Dennis Maga protested on Monday in a steel cage outside Parliament in Wellington. (Photo by Mark Mitchell)
MANILA (Mindanao Examiner / 30 May) – The militant trade union, Kilusang Mayo Uno, on Wednesday said local authorities are to arrest a Filipino political activist who led an anti-Arroyo protest in New Zealand during a state visit by the Philippine leader.
It said it uncovered a plot by the Philippine government to arrest Dennis Maga, spokesman for the “Free Ka Bel Movement” and a senior KMU member.
Maga’s protest during President Gloria Arroyo’s state visit in New Zealand drew international media attention after he was joined by hundreds of unionists in denouncing the spate of political killings in the Philippines and the continued detention of a militant lawmaker Crispin Beltran, also known as Ka Bel.
In Wellington on Monday, Maga stood in a cage outside The Beehive as Arroyo and Prime Minister Helen Clark held a media conference.
Maga said his country needed to stop human rights abuses and free Beltran who has been in prison for more than a year on what his supporters said were spurious coups plotting charges.
“Arroyo is known for her vindictiveness and we will not be surprised if she personally instructed the Bureau of Immigration and Deportation (BID) to arrest Dennis Maga once he gets into the country,” Elmer Labog, KMU national chairman, said in a statement sent to the independent regional newspaper, the Mindanao Examiner.
Labog said they were informed by BID sources that an arrest order has been issued for Maga once he arrives home Sunday.
“Dennis even e-mailed us and verified the information from his own sources inside the BID. He said in his email that they would create trumped-up charges and arrest him.”
“The case of Maga will serve as a litmus test on whether Arroyo’s word to New Zealand Prime Minister Helen Clark on respect for human rights will hold water. Any harassment on Maga will erase Arroyo’s ‘wolf in sheep’s clothing’ strategy when it comes to human rights,” Labog said.
Labog group also appealed to Clark to issue a statement against the possible arrest of Maga.
“Many of our brothers and sisters in the trade union movement in New Zealand have expressed concern on Maga’s safety and have made commitments to pressure their own government to uphold human rights," he said.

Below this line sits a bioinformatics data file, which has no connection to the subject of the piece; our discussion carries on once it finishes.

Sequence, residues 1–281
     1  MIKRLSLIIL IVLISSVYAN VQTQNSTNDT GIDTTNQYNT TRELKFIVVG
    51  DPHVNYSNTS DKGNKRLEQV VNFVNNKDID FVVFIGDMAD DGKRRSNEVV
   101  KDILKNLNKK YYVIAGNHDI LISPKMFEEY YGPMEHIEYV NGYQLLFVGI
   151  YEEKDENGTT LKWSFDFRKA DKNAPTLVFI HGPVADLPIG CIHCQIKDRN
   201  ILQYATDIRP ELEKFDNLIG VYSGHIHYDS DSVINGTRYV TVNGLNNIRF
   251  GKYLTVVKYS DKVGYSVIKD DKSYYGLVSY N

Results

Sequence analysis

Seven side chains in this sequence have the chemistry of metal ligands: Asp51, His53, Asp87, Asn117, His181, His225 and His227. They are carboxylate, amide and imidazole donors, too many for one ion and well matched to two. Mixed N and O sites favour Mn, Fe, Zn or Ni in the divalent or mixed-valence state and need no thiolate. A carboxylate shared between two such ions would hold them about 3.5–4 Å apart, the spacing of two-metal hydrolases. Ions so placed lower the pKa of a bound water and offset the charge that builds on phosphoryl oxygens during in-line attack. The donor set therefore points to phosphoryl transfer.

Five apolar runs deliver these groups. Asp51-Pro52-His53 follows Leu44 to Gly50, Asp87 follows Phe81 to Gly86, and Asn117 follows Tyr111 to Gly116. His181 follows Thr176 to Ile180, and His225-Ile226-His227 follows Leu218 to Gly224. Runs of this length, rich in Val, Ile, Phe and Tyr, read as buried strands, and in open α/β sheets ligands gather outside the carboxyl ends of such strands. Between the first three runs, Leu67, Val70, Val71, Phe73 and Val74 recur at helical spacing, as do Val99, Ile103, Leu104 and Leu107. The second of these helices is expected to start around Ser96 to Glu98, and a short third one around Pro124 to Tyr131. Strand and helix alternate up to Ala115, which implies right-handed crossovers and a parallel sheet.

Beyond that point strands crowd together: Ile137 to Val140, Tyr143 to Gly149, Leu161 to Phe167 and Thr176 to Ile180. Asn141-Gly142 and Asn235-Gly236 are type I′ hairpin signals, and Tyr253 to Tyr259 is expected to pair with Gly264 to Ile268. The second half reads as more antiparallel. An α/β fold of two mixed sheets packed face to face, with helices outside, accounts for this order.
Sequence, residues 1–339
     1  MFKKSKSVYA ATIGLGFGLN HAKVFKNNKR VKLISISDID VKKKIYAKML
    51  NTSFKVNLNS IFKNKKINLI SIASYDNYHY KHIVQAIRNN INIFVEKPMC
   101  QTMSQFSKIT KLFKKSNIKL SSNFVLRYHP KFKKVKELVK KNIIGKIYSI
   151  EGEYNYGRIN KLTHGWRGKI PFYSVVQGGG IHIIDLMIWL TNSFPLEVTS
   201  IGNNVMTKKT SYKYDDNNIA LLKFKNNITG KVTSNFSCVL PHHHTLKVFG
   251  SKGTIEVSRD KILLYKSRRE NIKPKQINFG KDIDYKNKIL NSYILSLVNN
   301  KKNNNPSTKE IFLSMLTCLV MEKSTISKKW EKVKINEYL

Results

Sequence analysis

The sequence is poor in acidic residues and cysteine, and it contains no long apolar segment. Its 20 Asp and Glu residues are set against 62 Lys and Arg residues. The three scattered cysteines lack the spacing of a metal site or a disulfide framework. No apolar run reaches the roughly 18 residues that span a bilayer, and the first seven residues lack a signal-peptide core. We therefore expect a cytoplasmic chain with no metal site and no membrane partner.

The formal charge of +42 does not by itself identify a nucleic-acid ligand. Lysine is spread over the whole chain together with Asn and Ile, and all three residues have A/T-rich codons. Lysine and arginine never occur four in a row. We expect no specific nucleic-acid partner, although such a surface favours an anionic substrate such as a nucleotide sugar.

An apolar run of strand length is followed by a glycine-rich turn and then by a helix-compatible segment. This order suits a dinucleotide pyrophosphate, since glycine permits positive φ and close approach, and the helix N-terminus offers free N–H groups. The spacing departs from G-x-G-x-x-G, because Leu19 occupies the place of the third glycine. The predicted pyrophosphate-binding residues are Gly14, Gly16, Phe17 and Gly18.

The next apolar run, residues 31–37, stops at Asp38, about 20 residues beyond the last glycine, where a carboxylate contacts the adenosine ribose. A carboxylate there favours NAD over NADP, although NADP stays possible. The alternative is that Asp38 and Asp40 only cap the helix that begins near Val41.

The National Distribution Union on Wednesday also said that supermarket distribution workers in New Zealand have walked out in support of Maga after learning news of his possible arrest in Manila.
It said Maga was calling his one-year old son, Elijah, to say happy birthday when he learnt that his house was under surveillance by police and that he faces arrest on his return.
Maga was invited by the NDU and Unite Union to talk to workers about the repression and killings of trade unionists, journalists and church leaders by the Filipino military and police.
Two-hundred previously locked out NDU Progressive distribution workers gave Maga a standing ovation and walked out to mount a spontaneous show of solidarity on the same spot where they held their pickets last year.
NDU site delegate Daniel Patea said that Filipino workers and unions had supported the locked out workers.
“Filipino workers helped us when we struggled during our lockout last year and so giving support to Dennis who faces arrest and even assassination is the least we could do.”
“President Arroyo has told Helen Clark, your government and the interfaith dialogue that she is addressing human rights violations in our country,” Maga said. “But here I am, facing arrest for simply exposing the continuing abuses by our military and police.”
The NDU and the Council of Trade Unions said they would ask the Prime Minister to get assurances from Arroyo that Maga will not be arrested.
Maga told reporters in New Zealand that he feared he would be assassinated or arrested for his stand. He said human rights abuse was continuing in the Philippines.
"I am really worried for my family's safety because they might invent a charge against my father and my wife and my family just to pressure me to return to the Philippines," he said.
The Filipino leader ended her three-day state visit in New Zealand and Presidential Assistant Heherson Alvarez said Arroyo is bringing home at least $1.22 billion in investments.
From this amount, the biggest beneficiary is the environment sector with $1 billion going to a reforestation project, $150 million in a gold mining deal, $40 million for the local wood processing industry, and $30 million for the export of Philippine tropical fruits to New Zealand.
Alvarez said the $1 billion reforestation project which Arroyo announced during the meeting with the Filipino community in Auckland would be financed by CK Tan of Shannolane, based in New Zealand.
The reforestation project in Prosperidad town in Agusan del Sur province in Mindanao is scheduled to start as early as October this year.
After the New Zealand visit, Arroyo headed for Australia, the first Philippine President to visit the country in over ten years. Australia is a major ally and strong economic partner of the Philippines. (Mindanao Examiner)